www.pudn.com > uCOS-uCGUI-FATFs.rar > jmorecfg.h, change:2004-08-18,size:11901b

 * jmorecfg.h 
 * Copyright (C) 1991-1997, Thomas G. Lane. 
 * This file is part of the Independent JPEG Group's software. 
 * For conditions of distribution and use, see the accompanying README file. 
 * This file contains additional configuration options that customize the 
 * JPEG software for special applications or support machine-dependent 
 * optimizations.  Most users will not need to touch this file. 
 * Define BITS_IN_JSAMPLE as either 
 *   8   for 8-bit sample values (the usual setting) 
 *   12  for 12-bit sample values 
 * Only 8 and 12 are legal data precisions for lossy JPEG according to the 
 * JPEG standard, and the IJG code does not support anything else! 
 * We do not support run-time selection of data precision, sorry. 
#define BITS_IN_JSAMPLE  8	/* use 8 or 12 */ 
 * Maximum number of components (color channels) allowed in JPEG image. 
 * To meet the letter of the JPEG spec, set this to 255.  However, darn 
 * few applications need more than 4 channels (maybe 5 for CMYK + alpha 
 * mask).  We recommend 10 as a reasonable compromise; use 4 if you are 
 * really short on memory.  (Each allowed component costs a hundred or so 
 * bytes of storage, whether actually used in an image or not.) 
#define MAX_COMPONENTS  4	/* maximum number of image components */ 
 * Basic data types. 
 * You may need to change these if you have a machine with unusual data 
 * type sizes; for example, "char" not 8 bits, "short" not 16 bits, 
 * or "long" not 32 bits.  We don't care whether "int" is 16 or 32 bits, 
 * but it had better be at least 16. 
/* Representation of a single sample (pixel element value). 
 * We frequently allocate large arrays of these, so it's important to keep 
 * them small.  But if you have memory to burn and access to char or short 
 * arrays is very slow on your hardware, you might want to change these. 
  /* JSAMPLE should be the smallest type that will hold the values 0..255. 
   * You can use a signed char by having GETJSAMPLE mask it with 0xFF. 
  typedef unsigned char JSAMPLE; 
  #define GETJSAMPLE(value)  ((int) (value)) 
  #define MAXJSAMPLE	255 
  #define CENTERJSAMPLE	128 
#elif BITS_IN_JSAMPLE == 12 
  /* JSAMPLE should be the smallest type that will hold the values 0..4095. 
   * On nearly all machines "short" will do nicely.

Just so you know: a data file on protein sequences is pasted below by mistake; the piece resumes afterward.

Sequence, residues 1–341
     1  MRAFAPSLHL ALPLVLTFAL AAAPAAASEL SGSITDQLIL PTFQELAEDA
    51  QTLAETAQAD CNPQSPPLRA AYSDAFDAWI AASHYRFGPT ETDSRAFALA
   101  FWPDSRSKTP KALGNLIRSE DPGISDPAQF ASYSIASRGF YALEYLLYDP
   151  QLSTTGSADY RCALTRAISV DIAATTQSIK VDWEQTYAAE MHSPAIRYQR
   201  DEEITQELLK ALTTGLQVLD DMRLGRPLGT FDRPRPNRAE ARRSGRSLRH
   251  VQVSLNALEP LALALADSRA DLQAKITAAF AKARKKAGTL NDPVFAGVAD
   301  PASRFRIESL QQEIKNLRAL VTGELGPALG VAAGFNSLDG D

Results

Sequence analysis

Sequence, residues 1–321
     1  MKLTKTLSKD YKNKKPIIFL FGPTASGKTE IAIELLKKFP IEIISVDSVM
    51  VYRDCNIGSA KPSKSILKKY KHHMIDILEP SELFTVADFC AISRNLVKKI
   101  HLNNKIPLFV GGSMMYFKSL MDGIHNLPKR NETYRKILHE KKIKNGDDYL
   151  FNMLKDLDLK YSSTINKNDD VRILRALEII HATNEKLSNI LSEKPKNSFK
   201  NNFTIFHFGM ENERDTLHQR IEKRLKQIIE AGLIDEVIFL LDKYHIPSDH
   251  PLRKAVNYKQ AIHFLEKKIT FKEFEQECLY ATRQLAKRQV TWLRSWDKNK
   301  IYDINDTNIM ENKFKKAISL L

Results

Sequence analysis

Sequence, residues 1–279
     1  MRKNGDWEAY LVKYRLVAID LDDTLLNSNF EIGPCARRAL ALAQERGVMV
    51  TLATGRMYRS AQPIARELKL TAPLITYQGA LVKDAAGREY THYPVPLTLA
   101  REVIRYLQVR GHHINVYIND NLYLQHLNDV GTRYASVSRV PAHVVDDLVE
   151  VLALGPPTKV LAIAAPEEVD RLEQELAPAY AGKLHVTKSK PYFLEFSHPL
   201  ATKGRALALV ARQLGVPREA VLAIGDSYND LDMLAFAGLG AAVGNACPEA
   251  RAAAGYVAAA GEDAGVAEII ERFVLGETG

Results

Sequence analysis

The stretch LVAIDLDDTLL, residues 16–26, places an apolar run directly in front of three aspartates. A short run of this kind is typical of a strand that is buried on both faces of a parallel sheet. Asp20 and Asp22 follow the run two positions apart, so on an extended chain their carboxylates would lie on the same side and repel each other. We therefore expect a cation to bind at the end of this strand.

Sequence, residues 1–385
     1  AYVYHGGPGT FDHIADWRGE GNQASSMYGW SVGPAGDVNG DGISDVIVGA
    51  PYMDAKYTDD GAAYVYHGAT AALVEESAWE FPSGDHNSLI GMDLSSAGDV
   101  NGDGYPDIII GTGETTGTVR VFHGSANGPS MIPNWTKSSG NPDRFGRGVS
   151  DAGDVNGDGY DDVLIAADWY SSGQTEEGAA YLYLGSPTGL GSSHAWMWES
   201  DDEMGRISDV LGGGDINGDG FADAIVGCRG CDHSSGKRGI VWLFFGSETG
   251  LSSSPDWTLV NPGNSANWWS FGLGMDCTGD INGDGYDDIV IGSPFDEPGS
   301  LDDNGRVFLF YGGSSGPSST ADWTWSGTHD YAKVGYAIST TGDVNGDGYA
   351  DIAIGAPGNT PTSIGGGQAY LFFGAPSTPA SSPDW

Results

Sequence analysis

typedef short JSAMPLE; 
  #define GETJSAMPLE(value)  ((int) (value)) 
  #define MAXJSAMPLE	4095 
  #define CENTERJSAMPLE	2048 
#endif /* BITS_IN_JSAMPLE == 12 */ 
/* Representation of a DCT frequency coefficient. 
 * This should be a signed value of at least 16 bits; "short" is usually OK. 
 * Again, we allocate large arrays of these, but you can change to int 
 * if you have memory to burn and "short" is really slow. 
typedef short JCOEF; 
/* Compressed datastreams are represented as arrays of JOCTET. 
 * These must be EXACTLY 8 bits wide, at least once they are written to 
 * external storage.  Note that when using the stdio data source/destination 
 * managers, this is also the data type passed to fread/fwrite. 
typedef unsigned char JOCTET; 
#define GETJOCTET(value)  (value) 
/* These typedefs are used for various table entries and so forth. 
 * They must be at least as wide as specified; but making them too big 
 * won't cost a huge amount of memory, so we don't provide special 
 * extraction code like we did for JSAMPLE.  (In other words, these 
 * typedefs live at a different point on the speed/space tradeoff curve.) 
/* UINT8 must hold at least the values 0..255. */ 
typedef unsigned char UINT8; 
/* UINT16 must hold at least the values 0..65535. */ 
typedef unsigned short UINT16; 
/* INT16 must hold at least the values -32768..32767. */ 
typedef short INT16; 
/* INT32 must hold at least signed 32-bit values. */ 
typedef long INT32; 
/* Datatype used for image dimensions.  The JPEG standard only supports 
 * images up to 64K*64K due to 16-bit fields in SOF markers.  Therefore 
 * "unsigned int" is sufficient on all machines.  However, if you need to 
 * handle larger images and you don't mind deviating from the spec, you 
 * can change this datatype. 
typedef unsigned int JDIMENSION; 
#define JPEG_MAX_DIMENSION  65500L  /* a tad under 64K to prevent overflows */ 
/* These macros are used in all function definitions and extern declarations. 
 * You could modify them if you need to change function linkage conventions; 
 * in particular, you'll need to do that to make the library a Windows DLL. 
 * Another application is to make all functions global for use with debuggers 
 * or code profilers that require it. 
/* a function called through method pointers: */ 
#define METHODDEF(type)		static type 
/* a function used only in its module: */ 
#define LOCAL(type)		static type 
/* a function referenced thru EXTERNs: */ 
#define GLOBAL(type)		type 
/* a reference to a GLOBAL function: */ 
#define EXTERN(type)		extern type 
/* This macro is used to declare a "method", that is, a function pointer. 
 * We want to supply prototype parameters if the compiler can cope. 
 * Note that the arglist parameter must be parenthesized! 
 * Again, you can customize this if you need special linkage keywords. 
#define JMETHOD(type,methodname,arglist)  type (*methodname) arglist 
/* Here is the pseudo-keyword for declaring pointers that must be "far" 
 * on 80x86 machines.  Most of the specialized coding for 80x86 is handled 
 * by just saying "FAR *" where such a pointer is needed.  In a few places